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Talk about key man risk. SAC Capital, does not just bear the initials of founder Steven Cohen. He dominates the Greenwich trading floor that has churned out such enviable investment returns and built his reputation as a star trader. And over half the $14bn under management is said to be his own fortune.

Why would somebody buy a significant stake in a firm that appears to depend so heavily on an individual and remains privately-owned – at least for now? There is added uncertainty because Mr Cohen is attempting a shift of emphasis away from his trademark quick-fire trading towards a less proven model of longer-term activist investing.

That said, SAC might not be quite as risky as it looks. If Mr Cohen’s own money is charged full management fees (a slightly bizarre concept) and can be locked up firmly for the long-term, SAC might stack up fine against other hedge funds where cash can flee at a moment’s notice. There is plenty of wealth sloshing around in Asia, the Middle East and Europe that could be used to buy a stake alongside an investor as hot as Mr Cohen. The opportunity might even pique the interest of a wealth management company wanting the extra benefit of access to SAC’s funds for its high net worth clients.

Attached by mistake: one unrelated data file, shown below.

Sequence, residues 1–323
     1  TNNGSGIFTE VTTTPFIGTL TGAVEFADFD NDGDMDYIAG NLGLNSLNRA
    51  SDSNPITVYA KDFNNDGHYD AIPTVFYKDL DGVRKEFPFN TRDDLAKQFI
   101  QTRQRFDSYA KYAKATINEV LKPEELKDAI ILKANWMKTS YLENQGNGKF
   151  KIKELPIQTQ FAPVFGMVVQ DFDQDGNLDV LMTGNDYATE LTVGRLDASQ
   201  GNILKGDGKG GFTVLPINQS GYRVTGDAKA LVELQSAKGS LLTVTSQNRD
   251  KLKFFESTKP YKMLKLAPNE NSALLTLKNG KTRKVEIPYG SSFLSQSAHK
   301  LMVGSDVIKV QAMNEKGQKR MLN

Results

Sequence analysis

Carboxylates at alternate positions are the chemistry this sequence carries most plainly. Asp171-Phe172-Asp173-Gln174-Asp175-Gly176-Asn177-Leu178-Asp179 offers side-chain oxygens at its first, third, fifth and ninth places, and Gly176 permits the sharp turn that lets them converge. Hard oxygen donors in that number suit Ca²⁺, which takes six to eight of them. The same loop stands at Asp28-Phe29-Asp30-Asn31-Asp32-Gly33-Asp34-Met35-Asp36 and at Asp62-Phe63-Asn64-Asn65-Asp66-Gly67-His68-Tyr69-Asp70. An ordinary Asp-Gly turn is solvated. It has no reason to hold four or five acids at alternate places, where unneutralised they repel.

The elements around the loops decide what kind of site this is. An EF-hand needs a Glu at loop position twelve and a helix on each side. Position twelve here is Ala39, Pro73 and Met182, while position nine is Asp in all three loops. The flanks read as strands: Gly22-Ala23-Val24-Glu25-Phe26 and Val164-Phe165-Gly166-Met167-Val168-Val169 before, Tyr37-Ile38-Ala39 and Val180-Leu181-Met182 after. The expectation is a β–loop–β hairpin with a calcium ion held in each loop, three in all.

A key challenge for Mr Cohen will be convincing potential investors that the talent pool is deep enough for SAC to maintain performance even if he were unable to work or decided to step back. If he can achieve that, Mr Cohen might have a platform to broaden SAC’s image beyond one of reliance on his own skills. He would also get a tidy cash infusion that might even tempt him to add Damien Hirst’s $100m diamond encrusted skull to the pickled shark he already owns.

Copyright The Financial Times Limited 2017. All rights reserved.
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